“My sheep hear my voice, and I know them, and they follow me. I give them eternal life, and they will never perish, and no one will snatch them out of my hand. My Father, who has given them to me, is greater than all, and no one is able to snatch them out of the Father’s hand. I and the Father are one.” – John 10:27-30

Hold Loosely

God calls Christians to an odd kind of life—one that is lived in the present, transient world but lived for the future, eternal world. Though some sects of Christianity take the “this is not our home” concept to an extreme and totally withdraw from the secular culture, God doesn’t desire for his people to detach themselves from the morally neutral activities of this world. His instructions to the exiled Israelites are certainly applicable to us, the contemporary sojourners of God:

“Thus says the Lord of hosts, the God of Israel, to all the exiles whom I have sent into exile from Jerusalem to Babylon: Build houses and live in them; plant gardens and eat their produce. Take wives and have sons and daughters; take wives for your sons, and give your daughters in marriage, that they may bear sons and daughters; multiply there, and do not decrease. But seek the welfare of the city where I have sent you into exile, and pray to the Lord on its behalf, for in its welfare you will find your welfare.” – Jeremiah 29:4-7

The majority of us probably are not planting gardens and arranging marriages for our kids, but we are working jobs, getting educations, taking our children to soccer practice twice a week, and participating in the world in a myriad of other ways. And this is good. The Lord wills we do this exile-thing in such a way that it contributes to the wellbeing of this world—primarily by carrying with us the good news of the gospel everywhere we go. Jesus reflected this as he asked his Father not to take us out of the world but to keep us from being of the world as we are sent into it as witnesses (John 17:15-18).

Check out this passage in 1 Corinthians, though:

From now on, let those who have wives live as though they had none, and those who mourn as though they were not mourning, and those who rejoice as though they were not rejoicing, and those who buy as though they had no goods, and those who deal with the world as though they had no dealings with it. For the present form of this world is passing away.” – 1 Corinthians 7:29-31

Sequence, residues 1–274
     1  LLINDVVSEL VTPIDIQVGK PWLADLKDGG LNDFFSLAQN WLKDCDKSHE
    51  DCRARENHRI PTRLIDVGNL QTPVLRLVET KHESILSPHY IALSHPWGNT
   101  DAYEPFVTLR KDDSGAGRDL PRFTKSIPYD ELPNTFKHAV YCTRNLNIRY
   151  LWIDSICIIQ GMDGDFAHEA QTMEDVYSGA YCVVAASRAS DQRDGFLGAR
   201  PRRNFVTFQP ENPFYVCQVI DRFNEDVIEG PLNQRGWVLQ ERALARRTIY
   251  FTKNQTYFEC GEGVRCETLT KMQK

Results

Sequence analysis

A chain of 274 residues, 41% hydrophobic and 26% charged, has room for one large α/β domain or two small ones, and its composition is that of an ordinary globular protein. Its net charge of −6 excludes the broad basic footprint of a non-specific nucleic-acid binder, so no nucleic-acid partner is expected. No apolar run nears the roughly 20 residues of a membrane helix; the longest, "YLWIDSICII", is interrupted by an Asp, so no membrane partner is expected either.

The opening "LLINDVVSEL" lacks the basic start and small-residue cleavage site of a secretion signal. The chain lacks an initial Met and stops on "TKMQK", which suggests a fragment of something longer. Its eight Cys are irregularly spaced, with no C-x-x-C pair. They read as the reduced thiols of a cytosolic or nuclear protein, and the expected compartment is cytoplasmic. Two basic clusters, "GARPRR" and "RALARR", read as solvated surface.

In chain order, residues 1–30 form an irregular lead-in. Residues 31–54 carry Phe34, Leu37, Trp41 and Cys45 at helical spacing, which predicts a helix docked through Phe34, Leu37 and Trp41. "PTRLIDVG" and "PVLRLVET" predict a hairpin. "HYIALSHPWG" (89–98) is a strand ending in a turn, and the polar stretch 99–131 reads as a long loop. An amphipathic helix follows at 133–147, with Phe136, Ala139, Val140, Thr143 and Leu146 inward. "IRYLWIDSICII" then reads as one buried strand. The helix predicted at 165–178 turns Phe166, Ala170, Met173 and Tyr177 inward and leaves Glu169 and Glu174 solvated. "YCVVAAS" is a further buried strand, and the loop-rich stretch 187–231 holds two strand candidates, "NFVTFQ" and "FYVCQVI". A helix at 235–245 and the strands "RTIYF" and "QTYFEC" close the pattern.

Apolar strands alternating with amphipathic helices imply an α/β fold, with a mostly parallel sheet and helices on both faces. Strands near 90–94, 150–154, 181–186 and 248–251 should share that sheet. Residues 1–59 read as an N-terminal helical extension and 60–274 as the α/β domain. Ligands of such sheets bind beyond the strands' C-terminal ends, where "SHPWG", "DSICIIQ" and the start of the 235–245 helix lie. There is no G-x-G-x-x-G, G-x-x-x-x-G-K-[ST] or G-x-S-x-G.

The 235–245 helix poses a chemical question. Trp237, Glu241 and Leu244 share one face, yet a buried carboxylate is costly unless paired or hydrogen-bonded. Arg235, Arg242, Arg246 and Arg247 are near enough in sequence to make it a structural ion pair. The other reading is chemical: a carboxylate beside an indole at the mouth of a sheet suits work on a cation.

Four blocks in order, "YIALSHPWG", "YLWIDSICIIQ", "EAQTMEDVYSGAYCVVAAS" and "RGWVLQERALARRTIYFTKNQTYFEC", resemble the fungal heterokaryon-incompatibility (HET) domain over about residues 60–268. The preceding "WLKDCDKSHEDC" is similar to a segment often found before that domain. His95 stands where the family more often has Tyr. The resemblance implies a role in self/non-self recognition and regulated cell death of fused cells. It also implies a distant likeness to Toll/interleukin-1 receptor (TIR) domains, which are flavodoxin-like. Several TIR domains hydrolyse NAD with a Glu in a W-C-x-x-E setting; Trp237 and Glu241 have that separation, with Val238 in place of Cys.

Paul’s language is pretty strong here. At first glance, it can appear as if he is commanding Christians to be functionally and emotionally detached from the roles and realities they must live in every day. But I don’t believe that’s what he’s doing. He isn’t telling husbands to stop loving and serving their wives. He isn’t instructing those who are burdened by worldly troubles or delighted by worldly blessings to pretend as if those troubles and blessings don’t exist. He is calling us to embrace a particular disposition in our dealings with the world that will free us from the anxieties to which we are so prone.

I wrote a bit last year about my own wrangling with anxiety. Like so many people, most of my worries are rooted in an over-attachment to transient things. I fret about losing temporary comforts and encountering unpleasant or even vexing circumstances. Lately, I believe the Holy Spirit has been whispering the following words to my soul when my anxiety begins to flare: “Hold loosely to the world.” I believe this is exactly what Paul is getting at in this passage.

Our all-wise God, through Paul’s writing, is calling us to loosen our grip on the things of this fading world and grasp tightly to the right objects: Christ and his eternal Kingdom. He is urging us to “set [our] minds on things that are above” (Colossians 3:2) as we engage in the affairs of this life below. He is commanding us to look ahead to the permanent city of God (Hebrews 11:10) as we sojourn in our temporary cities. He is exhorting us to set the eyes of our hearts not on the transient things that are seen but the eternal things that are invisible (2 Corinthians 4:18).

Do you want to be free from anxieties? Do I? Then let us heed the Lord’s instruction and hold loosely to the things of this world as we look intently to our Savior King and the glorious future that awaits us in him. We are not able nor asked to pull our bodies away from our earthly roles and activities. But we can keep our hearts from idolatrously attaching to these things and instead set our affections and hopes on unshakeable, invisible, eternal reality.